Logframes v reality
Heller quotes Johnson’s magnificent metaphor of a “rich primordial soup” which conjures images of primary components floating together. I prefer a more prosaic take on things, which builds on the (by now well established) understanding that local people can analyse their challenges and solutions better than any outsider, and that a one-size-fits-all approach from a donor agency to something as complex as governance is likely to fail. Human progress is simply not that simple.
"What we can do is learn to leave our logframes and our rigid frameworks at the immigration desks and adopt an approach akin to the Problem Driven Iterative Adaptation line of thinking."
This is the idea that, as a programme, your strength lies in your flexibility and ability to adapt to circumstances as they evolve. Assumptions, theories of change and expectations, particularly when formed from afar, rarely survive the complexities of real life.
"The history of great inventions teaches that innovation is likely to come from adaptations of plans, as much as from plans in their original form: in other words, Plan D is quite often better than Plan A."
This is why I believe Making All Voices Count is a genuinely exciting programme and one which has the potential to be a pathfinder for others in how we source and support innovation that makes both governance and government more participatory, transparent and effective.
To find and shape those projects, we work to create spaces in which to broker those conversations between unusual partners and in that sense encourage the sort of collisions Heller cites from Johnson’s analysis. We also want to capture the learning generated by those projects we support as they seek to co-create new ideas in the ‘chaos’ that we are prepared to work within.
Why is this important?
Later this year, a new set of SDGs will be unveiled in New York, of which governance looks set to be a key part. The failure to include any element of governance in the MDG framework led, in the view of the 2011 World Development Report, to the poorest and most vulnerable being left behind. This is a significant shift: there was a reason why politics were left out of the MDGs, and that is because powerful vested interests would really rather not be held to account.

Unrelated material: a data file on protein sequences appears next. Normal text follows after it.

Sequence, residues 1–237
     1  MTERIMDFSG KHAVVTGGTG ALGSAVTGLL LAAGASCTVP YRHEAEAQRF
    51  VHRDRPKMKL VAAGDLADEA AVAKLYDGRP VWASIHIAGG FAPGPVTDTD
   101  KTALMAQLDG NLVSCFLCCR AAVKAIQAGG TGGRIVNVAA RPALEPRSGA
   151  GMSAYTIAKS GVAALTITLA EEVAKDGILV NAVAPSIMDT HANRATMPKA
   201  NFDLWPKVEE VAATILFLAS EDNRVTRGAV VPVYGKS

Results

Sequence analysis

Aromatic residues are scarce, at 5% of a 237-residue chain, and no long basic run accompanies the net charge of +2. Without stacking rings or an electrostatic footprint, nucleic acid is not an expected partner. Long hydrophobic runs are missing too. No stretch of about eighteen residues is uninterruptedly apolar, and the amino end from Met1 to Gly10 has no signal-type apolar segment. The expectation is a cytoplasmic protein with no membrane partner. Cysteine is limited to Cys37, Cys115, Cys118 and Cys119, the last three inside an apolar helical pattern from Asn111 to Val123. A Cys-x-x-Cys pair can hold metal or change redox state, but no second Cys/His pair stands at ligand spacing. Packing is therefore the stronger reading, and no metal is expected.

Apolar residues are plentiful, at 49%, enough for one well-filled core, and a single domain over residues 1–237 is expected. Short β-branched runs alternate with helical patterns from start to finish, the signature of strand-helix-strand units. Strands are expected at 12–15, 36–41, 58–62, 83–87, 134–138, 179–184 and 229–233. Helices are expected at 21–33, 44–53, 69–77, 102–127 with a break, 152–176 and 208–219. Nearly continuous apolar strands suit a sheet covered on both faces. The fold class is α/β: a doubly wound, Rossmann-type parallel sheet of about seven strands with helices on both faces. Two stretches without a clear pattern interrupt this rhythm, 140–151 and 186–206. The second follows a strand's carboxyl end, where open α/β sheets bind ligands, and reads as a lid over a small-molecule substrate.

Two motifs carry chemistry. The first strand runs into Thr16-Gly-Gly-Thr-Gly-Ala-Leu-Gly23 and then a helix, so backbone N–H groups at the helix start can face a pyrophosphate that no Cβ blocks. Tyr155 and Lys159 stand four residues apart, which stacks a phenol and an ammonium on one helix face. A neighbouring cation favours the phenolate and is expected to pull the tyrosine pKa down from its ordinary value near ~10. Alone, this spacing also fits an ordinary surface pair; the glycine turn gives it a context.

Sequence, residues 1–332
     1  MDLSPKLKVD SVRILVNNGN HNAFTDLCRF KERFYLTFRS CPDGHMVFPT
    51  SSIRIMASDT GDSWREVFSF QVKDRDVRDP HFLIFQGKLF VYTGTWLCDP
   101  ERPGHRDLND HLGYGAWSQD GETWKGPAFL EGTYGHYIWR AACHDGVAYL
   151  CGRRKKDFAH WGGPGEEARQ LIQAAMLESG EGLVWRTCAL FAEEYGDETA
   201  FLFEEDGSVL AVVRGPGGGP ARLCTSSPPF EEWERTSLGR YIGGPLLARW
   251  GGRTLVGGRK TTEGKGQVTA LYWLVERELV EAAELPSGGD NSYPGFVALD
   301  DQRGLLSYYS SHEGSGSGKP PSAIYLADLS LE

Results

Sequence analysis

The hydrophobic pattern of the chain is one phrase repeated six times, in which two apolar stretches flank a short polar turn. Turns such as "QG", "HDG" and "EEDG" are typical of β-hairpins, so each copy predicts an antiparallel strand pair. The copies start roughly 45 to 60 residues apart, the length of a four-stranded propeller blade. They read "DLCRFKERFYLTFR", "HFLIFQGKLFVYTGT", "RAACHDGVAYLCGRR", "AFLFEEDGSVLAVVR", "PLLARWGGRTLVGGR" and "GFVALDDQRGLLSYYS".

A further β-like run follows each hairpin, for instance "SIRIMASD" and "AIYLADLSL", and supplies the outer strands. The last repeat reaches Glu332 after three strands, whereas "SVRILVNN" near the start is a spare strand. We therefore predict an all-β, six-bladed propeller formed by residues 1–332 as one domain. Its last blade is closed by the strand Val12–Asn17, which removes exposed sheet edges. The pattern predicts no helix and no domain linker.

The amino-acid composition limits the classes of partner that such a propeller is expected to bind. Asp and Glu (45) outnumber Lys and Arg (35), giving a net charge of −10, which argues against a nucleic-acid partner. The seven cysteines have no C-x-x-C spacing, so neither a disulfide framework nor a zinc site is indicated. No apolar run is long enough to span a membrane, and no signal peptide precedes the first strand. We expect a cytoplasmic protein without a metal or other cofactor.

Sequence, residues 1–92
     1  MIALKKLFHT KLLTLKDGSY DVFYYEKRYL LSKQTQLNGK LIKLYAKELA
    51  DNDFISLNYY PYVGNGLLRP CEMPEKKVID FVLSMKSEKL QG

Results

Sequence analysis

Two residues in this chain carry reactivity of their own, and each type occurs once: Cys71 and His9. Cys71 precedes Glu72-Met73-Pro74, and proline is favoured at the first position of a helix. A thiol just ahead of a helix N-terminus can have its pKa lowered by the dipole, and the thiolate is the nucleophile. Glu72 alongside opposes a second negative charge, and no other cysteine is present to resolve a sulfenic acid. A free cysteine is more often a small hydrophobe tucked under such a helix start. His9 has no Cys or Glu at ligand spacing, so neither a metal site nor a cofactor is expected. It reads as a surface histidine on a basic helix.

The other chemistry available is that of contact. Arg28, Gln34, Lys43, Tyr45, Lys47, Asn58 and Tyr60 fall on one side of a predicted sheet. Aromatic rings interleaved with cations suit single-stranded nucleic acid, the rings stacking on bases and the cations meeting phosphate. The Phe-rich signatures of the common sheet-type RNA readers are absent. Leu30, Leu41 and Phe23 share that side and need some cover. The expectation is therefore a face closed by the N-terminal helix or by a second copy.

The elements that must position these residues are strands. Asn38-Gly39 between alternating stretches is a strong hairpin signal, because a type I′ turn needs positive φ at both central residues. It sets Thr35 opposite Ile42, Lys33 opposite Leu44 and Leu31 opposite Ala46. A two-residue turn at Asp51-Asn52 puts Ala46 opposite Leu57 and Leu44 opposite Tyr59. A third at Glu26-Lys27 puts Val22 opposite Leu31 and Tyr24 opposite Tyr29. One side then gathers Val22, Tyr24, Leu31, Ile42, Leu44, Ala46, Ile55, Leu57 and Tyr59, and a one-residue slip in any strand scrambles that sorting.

The extent to which the inclusion of governance in the SDG framework actually addresses the relationship people have with their governments will depend largely on their detailed implementation in countries and communities. Failure to grasp that nettle will mean some countries will proclaim their adherence to international standards – the popular trick of passing regulations without actually implementing them is apparently not getting old – some international institutions will continue to define ‘governance’ in technical rather than practical terms, and all the while good governance will fail to actually materialise. In real terms, this means continuing to hear stories like that of Amina, a mother of three from Tanzania, who told us how an education official had sold her place at nursing college to a politically better-connected student.
There is already some fascinating work on how data itself could contribute to the monitoring and support of SDG implementation, and it’s worth bearing in mind that the champions of change can be found within governments and business, as well as organised civil society and wider communities. As a programme, we hope that what we learn from our own approaches – guided by context, grounded in hard reality, flexible enough to adapt and willing to tolerate risk – is another contribution to that journey.
The innovators are out there, and Making All Voices Count will support them in changing the relationships between government and ordinary people – even if that means fostering a little chaos.
About the author
Chris Underwood works for Making All Voices Count.
This blog was originally posted on the Making All Voices Count website